Dodge CEO Ridicules Electric Turbos

Dodge Stands by Legacy with EV, but Has Made Exceptions for Special Cars in the Past

The CEO of Dodge, Tim Kuniskis, has verified that the Hellcat moniker will always be linked with robust supercharged V8 engines.

In an interview with Road & Track, the dynamic Chief Executive Officer declared that the renowned brand will not be revived for electric battery and Hurricane-driven muscle cars. The reason behind this decision? He holds great reverence for the Hellcat label, just like its devoted fans.

According to the company’s spokesperson, “For the past decade, our main focus has been on simplifying our brand. We no longer market Journeys or Darts; instead, we solely specialize in American performance vehicles.” This means that our marketing strategy revolves around promoting the highest level of performance, and then we work our way down from there.

During a recent interview, the CEO of a well-known car company took a subtle jab at the all-electric Porsche Taycan Turbo. In response to a question about the Taycan’s name, the CEO stated, “So if you […] call it a turbo and it’s a BEV, it doesn’t fit, right?” The CEO’s comment seemed to suggest that using the term “turbo” for a battery electric vehicle (BEV) was not accurate or appropriate.

According to Kuniskis, “If I referred to it as a Hellcat, I would face severe backlash because that is not its true identity.”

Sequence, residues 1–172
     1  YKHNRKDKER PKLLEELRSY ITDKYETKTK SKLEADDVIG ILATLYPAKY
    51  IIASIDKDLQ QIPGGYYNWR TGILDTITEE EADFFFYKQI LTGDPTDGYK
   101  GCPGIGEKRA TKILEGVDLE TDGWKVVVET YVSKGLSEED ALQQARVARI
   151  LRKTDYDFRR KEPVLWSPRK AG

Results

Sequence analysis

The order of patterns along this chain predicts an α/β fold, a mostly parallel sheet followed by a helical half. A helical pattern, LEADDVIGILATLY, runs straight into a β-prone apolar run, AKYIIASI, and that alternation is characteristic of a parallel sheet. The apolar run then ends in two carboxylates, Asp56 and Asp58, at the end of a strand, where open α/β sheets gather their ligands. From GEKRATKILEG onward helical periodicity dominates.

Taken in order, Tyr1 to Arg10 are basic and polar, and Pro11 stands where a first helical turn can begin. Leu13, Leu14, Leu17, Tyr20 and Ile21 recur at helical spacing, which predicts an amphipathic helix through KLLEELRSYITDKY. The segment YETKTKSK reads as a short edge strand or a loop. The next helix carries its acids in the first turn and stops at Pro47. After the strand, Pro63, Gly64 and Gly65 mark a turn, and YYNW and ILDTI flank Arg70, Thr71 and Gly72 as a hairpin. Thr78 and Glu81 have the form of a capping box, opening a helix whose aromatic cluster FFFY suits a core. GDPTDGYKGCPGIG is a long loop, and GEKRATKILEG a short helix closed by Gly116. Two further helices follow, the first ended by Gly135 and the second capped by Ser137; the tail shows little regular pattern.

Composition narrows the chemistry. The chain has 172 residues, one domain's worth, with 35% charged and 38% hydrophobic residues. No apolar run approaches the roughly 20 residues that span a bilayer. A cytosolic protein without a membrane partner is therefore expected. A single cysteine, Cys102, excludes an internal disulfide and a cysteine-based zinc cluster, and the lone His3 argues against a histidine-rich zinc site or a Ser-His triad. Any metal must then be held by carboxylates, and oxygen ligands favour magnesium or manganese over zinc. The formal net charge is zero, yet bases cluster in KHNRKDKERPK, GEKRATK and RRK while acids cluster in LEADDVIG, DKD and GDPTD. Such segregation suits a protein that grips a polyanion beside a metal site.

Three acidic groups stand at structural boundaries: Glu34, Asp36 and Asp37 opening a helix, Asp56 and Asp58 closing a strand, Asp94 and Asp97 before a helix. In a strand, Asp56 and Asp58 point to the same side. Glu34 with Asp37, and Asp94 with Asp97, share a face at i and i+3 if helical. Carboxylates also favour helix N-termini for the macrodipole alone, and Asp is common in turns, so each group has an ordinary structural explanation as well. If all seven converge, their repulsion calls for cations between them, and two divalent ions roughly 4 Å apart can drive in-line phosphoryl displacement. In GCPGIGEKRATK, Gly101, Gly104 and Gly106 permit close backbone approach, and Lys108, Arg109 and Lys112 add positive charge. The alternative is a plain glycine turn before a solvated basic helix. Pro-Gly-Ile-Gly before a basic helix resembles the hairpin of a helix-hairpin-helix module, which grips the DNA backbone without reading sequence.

Kuniskis, in a possible response to automakers profiting from distinctive features and visually enhanced limited editions, stated, “Our focus is on selling the tangible components, not the aesthetics or materials or shades. We prioritize the physical hardware, making names crucially significant.”

Unfortunately, the revival of the Hellcat moniker is not anticipated. Dodge has announced that they will be ceasing production of V8-powered cars, although the V8 will continue to exist in the Durango for a limited time. Though this news is disheartening, fans of internal combustion engines can still anticipate the release of the Hurricane-powered inline-six motors. And just because the famous Hellcat name will no longer be used doesn’t mean we won’t see powerful versions of the recently unveiled Charger.

It should be noted that Dodge had initially announced the Durango Hellcat as a limited edition for only one year, but later revived it, so there is a possibility that the Hellcat designation may resurface in the future.

The R/T version of the electric Charger Daytona made its debut, boasting 496 horsepower and 404 lb-ft of torque. These numbers are certainly impressive for a muscle car, but the Scat Pack takes it to the next level with a whopping 670 horsepower and 627 lb-ft of torque.

The upcoming models that use 400-volt architecture will have the option to upgrade with Direct Connection packages. However, for those seeking the exceptional performance of the Hellcat, they will have to wait for the 800V Banshee version. This variant is projected to compete with the current Challenger SRT Hellcat’s power output. To compensate for the absence of a V8 growl and a supercharger’s whir, Dodge is developing a unique Fratzonic exhaust system designed to enhance the electric motors’ sounds.

As previously stated, ICE enthusiasts will be pleased to know that the twin-turbocharged 3.0-liter inline-six versions will be available. A special ‘High Output’ SIXPACK HO version boasting 550 horsepower will be on offer, along with the SIXPACK SO ‘Standard Output’ model delivering 420 horses.

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